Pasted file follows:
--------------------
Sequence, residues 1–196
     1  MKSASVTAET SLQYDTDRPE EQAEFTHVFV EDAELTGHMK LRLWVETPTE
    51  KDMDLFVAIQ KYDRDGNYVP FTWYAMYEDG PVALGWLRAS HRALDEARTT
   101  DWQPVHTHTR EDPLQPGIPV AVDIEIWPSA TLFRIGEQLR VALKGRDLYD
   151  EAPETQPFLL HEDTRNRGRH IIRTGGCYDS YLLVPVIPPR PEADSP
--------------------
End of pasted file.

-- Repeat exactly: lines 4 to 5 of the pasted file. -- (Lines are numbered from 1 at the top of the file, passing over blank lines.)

   101  DWQPVHTHTR EDPLQPGIPV AVDIEIWPSA TLFRIGEQLR VALKGRDLYD
   151  EAPETQPFLL HEDTRNRGRH IIRTGGCYDS YLLVPVIPPR PEADSP